Derek told her what age he was – fourteen then, he said, nineteen now. Mummy said he went years ago, but Derek said he never left. Never left the attic or the house or her parent’s minds. He said many things. He kept saying many things, and after a while, whispered something quiet.
“What’s that, Derek?” Sarah asked. Derek told her this one last thing – told her to do this one last thing. “I don’t want to,” Sarah said, but Derek promised her: promised her if she did, he would always be nice again; promised her if she did, he would stop saying the bad words; promised her everything would be alright.
So tired, so hazed, her actions didn’t feel real. She climbed the boxes just like she climbed the tree. “Up here?” she asked the emptiness. “Just a. Just for a minute.” A cable, wrapped up, hung from the roof. She put her neck in it. “Okay. Here you go, Derek.”
Her belly hurt. The haze hit her one last time. She fell and the cable tightened around. The boxes toppled. She hung from the cable, limbs dangling, twisted, chocked. She would be a puppet. Just like Derek. She knew that’s what he wanted now.
The cable clung around her neck and her limbs dangled and jerked, and in the struggle, she swayed back and forth, back and forth, back and forth, eyes wide and forever staring.
Jane looked over her daughter’s body: So still, so pretty. This was her first night home after hospital. She slept.
Jane sat down on the bed, still, thinking, waiting for Sarah to wake. A question hung on her. She looked everywhere after it happened, but she couldn’t find that puppet. She knew there was something wrong with it. That fucking doll. Derek. Derek. Derek. That’s all she fucking heard. It wasn’t in her room, it wasn’t in the attic, it wasn’t in the house. It burned on her heart, frightened her. The fireplace went in the corner, and she tried to watch it, distract herself, but she couldn’t, the thought carving in her mind. After a while, Sarah moved.
She roused, opened her eyes, but made little other movement.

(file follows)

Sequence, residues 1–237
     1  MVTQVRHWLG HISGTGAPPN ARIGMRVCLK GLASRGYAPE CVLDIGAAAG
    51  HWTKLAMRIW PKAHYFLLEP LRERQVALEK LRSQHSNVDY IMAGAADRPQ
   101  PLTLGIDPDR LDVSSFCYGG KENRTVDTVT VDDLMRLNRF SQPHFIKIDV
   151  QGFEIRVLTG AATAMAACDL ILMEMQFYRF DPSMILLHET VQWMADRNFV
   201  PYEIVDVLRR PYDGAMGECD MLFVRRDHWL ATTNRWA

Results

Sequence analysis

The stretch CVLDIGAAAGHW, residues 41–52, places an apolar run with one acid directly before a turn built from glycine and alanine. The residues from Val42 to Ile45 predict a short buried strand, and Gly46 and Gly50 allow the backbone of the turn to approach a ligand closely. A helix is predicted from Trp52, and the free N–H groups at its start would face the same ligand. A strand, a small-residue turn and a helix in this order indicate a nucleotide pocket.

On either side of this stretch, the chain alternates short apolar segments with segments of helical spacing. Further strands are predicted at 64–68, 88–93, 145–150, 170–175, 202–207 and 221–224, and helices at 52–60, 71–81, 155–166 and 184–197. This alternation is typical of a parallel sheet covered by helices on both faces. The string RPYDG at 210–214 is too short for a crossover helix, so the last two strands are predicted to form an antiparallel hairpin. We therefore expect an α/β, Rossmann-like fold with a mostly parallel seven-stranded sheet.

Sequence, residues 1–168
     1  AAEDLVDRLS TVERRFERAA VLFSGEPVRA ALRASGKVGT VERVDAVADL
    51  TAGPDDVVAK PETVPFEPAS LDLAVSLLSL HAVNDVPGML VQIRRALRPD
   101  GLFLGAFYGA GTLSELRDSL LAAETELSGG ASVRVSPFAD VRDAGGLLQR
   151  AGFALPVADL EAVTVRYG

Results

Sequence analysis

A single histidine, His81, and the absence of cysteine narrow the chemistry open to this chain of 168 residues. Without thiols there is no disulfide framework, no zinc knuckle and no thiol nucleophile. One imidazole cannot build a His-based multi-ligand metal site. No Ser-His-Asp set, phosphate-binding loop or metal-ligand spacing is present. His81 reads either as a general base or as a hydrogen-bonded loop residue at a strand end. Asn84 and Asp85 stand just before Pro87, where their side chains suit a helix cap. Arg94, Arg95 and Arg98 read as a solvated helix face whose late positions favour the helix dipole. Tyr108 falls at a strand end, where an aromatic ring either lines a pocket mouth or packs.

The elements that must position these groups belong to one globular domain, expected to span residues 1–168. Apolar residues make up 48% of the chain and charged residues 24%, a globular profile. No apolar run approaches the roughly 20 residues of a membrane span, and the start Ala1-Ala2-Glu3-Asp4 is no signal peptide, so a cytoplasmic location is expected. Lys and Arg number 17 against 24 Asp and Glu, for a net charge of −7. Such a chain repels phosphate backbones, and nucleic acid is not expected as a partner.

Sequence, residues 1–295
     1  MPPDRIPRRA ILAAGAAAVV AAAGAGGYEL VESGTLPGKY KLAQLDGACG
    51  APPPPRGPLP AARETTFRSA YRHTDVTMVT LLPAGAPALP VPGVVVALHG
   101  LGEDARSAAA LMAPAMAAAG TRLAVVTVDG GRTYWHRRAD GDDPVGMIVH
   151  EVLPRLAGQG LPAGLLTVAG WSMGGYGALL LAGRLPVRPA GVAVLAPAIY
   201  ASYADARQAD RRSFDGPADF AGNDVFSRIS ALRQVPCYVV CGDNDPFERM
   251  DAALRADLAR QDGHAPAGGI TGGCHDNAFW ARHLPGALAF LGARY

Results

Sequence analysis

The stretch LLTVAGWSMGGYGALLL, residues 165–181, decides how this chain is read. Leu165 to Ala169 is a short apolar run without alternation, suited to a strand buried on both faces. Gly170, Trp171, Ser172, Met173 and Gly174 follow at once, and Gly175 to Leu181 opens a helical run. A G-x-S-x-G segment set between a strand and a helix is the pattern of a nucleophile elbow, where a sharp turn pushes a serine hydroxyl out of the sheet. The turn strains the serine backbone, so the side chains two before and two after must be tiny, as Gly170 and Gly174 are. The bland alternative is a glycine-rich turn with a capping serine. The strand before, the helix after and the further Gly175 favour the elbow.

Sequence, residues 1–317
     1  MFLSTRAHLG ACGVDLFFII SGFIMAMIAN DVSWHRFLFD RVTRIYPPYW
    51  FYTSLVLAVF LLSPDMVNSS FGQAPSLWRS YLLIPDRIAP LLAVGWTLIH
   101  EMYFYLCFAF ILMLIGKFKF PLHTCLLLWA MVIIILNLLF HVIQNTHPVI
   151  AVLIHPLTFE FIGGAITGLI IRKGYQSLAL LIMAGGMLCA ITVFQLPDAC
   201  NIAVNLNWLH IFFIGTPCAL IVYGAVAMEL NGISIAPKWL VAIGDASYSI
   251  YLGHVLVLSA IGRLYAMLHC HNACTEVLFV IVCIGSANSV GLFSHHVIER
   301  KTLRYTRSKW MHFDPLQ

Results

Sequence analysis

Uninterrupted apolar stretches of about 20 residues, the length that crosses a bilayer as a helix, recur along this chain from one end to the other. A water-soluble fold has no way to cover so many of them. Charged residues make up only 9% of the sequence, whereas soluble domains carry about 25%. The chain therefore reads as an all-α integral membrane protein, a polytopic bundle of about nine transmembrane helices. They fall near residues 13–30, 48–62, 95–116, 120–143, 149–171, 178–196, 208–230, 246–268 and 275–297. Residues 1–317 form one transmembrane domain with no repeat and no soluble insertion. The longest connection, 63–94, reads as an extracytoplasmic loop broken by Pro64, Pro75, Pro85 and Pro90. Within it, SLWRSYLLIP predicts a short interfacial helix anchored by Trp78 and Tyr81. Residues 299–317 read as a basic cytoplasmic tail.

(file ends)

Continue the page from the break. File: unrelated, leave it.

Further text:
“How are you?”
Sarah didn’t answer. Jane saw how different she was. How cold she was. She didn’t act like a six year old should. Her eyes, no child’s love: not happy, not sad, just empty.
“Where’s the puppet, Sarah?”
“He’s right here, mummy,” but Sarah didn’t point to anything or hold anything out. She just stared at Jane, and Jane stared back.
Sarah turned away, looking at the fire, a little pain on her face.
Jane checked the drawers, the wardrobe, the boxes, the floor, the curtains, everywhere, before she looked under the bed. Derek. He stared with his blank face. Jane reached her hand out into the darkness, her heart shaking, scared as if the doll was going to grab her, bite her, pull her underneath. She ripped it out.
The puppet frightened mummy now too. Jane never believed it until, on that night, she found Sarah like she found him. Like those years ago.
She took the doll and dangled him in front of her.
“You found him,” Sarah said. “He said you were looking.”
Jane froze. Even her daughter frightened her now.
Derek hung with the same lifeless limbs – the same dead stare. She didn’t understand it either. She hated it – its name, its stare, its dead, long limbs – just like she hated the child those years ago. She threw him in the fire.
The flames ate the wood.
Sarah watched. “You can burn the body, but you can’t burn him, mummy,” she said. Through the flames, the haze, she saw a smile on his blackening face. “You can burn the body, but you can’t burn him.”
Ross Muir is a freelance writer who mainly engages with short stories and poetry, currently studying for his M.A. in English Literature and Philosophy.